abc Interview Question for Senior Software Development Engineers

Country: India
Interview Type: In-Person

Comment hidden because of low score. Click to expand.
of 1 vote

You can use stack and do the following steps
- If the current character is an open parenthesis like “{“ or “(“ or “[“ , push it to the stack
- If the current character is an close parenthesis like “}” or “)” or “]”
o check the latest value in the stack if it is the closer of the latest element on the stack, pop the latest value from the stack
o Otherwise, break from the loop and this string will be invalid.
- Finally, check if there is any element on the stack that is meaning this string is invalid, otherwise, it is valid.

See the below java example

import java.util.Collection;
import java.util.HashMap;
import java.util.Set;
import java.util.Stack;

import static org.junit.Assert.*;
import org.junit.Test;

public class CheckParenthesesInString {
	HashMap<Character, Character> mappedSpecialCharacters = new HashMap<>();
	Set<Character> opens = null; // Open Parenthesis
	Collection<Character> closes = null; // Close Parenthesis
	Stack<Character> stringParenthesis = null;

	public CheckParenthesesInString() {
		mappedSpecialCharacters.put('{', '}');
		mappedSpecialCharacters.put('(', ')');
		mappedSpecialCharacters.put('[', ']');
		opens = mappedSpecialCharacters.keySet();
		closes = mappedSpecialCharacters.values();

	public boolean validate(String input) {
		boolean valid = true;
		stringParenthesis = new Stack<>();
		for (char ch : input.toCharArray()) {
			if (opens.contains(ch)) {
			} else if (closes.contains(ch)) {
				if (!stringParenthesis.isEmpty() && ch == mappedSpecialCharacters.get(stringParenthesis.peek())) {
				} else {
					valid = false;
		return valid && stringParenthesis.isEmpty();

	public void testParenthesis() {


- Badawy December 20, 2017 | Flag Reply
Comment hidden because of low score. Click to expand.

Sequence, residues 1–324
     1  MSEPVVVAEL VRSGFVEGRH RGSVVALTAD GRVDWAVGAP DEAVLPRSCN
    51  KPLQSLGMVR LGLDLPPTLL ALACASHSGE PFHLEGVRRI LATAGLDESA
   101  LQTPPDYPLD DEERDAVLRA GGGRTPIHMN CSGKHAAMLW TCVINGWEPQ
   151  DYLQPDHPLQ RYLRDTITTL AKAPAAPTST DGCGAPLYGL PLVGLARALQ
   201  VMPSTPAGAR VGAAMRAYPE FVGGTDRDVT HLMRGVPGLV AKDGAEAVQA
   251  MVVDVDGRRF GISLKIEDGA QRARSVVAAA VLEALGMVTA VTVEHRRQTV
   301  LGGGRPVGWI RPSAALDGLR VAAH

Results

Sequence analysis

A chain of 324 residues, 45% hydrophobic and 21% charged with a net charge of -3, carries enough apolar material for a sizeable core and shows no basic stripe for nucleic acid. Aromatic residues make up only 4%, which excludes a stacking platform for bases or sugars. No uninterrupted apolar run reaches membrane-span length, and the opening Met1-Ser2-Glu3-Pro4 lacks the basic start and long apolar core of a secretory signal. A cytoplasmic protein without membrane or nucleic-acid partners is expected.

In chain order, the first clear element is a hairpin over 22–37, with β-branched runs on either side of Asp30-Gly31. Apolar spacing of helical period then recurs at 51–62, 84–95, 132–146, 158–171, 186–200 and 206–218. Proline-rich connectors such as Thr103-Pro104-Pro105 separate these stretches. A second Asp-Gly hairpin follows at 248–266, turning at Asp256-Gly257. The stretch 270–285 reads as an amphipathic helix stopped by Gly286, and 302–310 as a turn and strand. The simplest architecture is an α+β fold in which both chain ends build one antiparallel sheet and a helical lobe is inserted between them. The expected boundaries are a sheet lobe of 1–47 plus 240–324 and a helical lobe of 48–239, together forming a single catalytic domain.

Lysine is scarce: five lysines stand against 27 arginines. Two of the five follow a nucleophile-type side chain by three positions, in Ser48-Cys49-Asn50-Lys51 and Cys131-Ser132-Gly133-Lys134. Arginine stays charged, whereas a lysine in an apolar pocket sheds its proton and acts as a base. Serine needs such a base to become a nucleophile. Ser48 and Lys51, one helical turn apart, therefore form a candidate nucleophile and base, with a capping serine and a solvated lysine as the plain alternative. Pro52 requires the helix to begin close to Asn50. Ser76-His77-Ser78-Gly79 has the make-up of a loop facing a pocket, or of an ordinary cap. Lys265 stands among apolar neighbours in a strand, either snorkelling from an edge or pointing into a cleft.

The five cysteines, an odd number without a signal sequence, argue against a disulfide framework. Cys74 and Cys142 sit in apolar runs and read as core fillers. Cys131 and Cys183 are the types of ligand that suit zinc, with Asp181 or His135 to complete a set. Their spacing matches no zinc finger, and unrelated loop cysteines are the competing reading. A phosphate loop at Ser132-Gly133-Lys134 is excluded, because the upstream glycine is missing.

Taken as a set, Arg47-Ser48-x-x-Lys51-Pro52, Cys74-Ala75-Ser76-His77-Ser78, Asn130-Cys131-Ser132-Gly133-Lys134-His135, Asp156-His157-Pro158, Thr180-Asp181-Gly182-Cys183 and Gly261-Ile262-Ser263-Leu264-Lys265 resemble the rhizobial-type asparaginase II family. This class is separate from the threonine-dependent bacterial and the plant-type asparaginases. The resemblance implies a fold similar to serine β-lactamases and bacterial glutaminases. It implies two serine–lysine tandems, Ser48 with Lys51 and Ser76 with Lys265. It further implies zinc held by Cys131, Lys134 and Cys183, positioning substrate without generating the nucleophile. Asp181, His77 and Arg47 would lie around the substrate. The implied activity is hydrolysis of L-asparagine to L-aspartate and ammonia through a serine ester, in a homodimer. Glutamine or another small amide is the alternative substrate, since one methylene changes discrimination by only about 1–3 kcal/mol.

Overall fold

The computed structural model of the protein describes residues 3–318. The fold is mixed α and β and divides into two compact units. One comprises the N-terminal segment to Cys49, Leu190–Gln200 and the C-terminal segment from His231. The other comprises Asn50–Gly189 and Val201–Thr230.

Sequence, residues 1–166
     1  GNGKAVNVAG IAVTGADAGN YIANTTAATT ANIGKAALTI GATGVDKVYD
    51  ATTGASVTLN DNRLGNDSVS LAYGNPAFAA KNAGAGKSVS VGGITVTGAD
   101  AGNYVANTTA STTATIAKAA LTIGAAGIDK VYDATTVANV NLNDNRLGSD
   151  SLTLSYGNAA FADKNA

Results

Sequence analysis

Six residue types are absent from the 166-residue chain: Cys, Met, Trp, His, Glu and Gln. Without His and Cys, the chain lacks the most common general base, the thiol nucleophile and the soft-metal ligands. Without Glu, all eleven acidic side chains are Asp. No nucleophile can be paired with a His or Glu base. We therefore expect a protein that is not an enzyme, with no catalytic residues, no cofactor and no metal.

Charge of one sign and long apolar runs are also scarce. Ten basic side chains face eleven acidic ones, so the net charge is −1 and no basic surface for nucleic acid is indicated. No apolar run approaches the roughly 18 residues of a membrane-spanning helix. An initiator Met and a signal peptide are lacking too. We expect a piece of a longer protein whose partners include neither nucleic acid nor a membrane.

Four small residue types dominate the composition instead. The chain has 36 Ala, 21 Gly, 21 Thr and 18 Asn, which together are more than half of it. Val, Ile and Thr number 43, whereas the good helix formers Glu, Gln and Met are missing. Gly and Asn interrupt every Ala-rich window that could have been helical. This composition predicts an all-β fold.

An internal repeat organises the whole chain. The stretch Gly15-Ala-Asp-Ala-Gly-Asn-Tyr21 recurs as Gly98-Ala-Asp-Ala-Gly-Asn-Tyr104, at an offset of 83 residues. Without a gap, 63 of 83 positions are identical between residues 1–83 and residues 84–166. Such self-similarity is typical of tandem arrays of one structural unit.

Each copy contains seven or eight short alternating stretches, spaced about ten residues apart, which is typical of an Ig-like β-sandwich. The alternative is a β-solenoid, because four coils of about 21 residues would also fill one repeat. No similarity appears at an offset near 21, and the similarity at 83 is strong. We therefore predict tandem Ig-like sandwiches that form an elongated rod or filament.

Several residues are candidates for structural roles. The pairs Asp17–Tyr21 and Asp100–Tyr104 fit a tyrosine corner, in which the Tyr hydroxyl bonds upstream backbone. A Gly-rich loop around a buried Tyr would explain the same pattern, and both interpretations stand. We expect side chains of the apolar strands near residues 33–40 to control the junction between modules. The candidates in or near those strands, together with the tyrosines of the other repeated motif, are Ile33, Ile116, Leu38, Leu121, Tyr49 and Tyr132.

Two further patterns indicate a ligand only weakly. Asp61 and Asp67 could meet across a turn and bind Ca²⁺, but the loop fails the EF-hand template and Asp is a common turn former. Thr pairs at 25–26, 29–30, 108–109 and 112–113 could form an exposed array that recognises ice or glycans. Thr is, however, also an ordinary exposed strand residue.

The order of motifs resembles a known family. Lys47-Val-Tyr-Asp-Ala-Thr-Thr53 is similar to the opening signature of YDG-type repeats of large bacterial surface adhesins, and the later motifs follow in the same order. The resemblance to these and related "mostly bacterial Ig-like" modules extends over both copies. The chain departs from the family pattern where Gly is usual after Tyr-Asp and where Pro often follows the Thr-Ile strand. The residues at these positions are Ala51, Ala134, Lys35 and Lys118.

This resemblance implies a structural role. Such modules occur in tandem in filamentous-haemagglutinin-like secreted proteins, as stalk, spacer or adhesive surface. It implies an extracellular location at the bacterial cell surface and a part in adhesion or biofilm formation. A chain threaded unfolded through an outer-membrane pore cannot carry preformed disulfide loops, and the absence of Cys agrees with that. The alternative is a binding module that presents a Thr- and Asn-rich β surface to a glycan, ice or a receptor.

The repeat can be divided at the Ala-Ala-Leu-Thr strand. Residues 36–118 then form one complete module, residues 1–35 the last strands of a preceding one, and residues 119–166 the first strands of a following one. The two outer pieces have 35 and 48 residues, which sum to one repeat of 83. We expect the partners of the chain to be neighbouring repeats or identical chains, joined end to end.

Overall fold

of 1 vote

step 1 : if there is a opening character increment by 1, start with 0, if there is a closing character then decrement that by 1.
step 2: repeat the step no 1 by applying each characters set '()', '{}, or []
step 3: make sure the result should be 0 at the end
step 4 : make sure the result will never be in negative in the process.

- kshitiz baral December 20, 2017 | Flag Reply
Comment hidden because of low score. Click to expand.
of 0 vote

My thinking would be starting with and empty string and then going through on the input string and keep them concatenating to my empty string variable. Then, at each iteration you would only care for last two characters of this variable! if they are a match pair eliminate them. So for example:

starting initialization:

s = "" // empty string

1st input character {

s = "{"

since we do not have yet 2 characters at least, we continue

2nd input character [

s = "{["

the last two characters do not match, so we do nothing

3rd character (

s = "{[("

the last two characters of s are "[" and "(" they do not match so we do nothing

4th character )

s = "{[()" the last two characters are a matching pair "()" so we remove them se becomes:

s = "{["

next character, and so on

if at the end we get an empty string the the brackets are valid

- Hungary December 19, 2017 | Flag Reply

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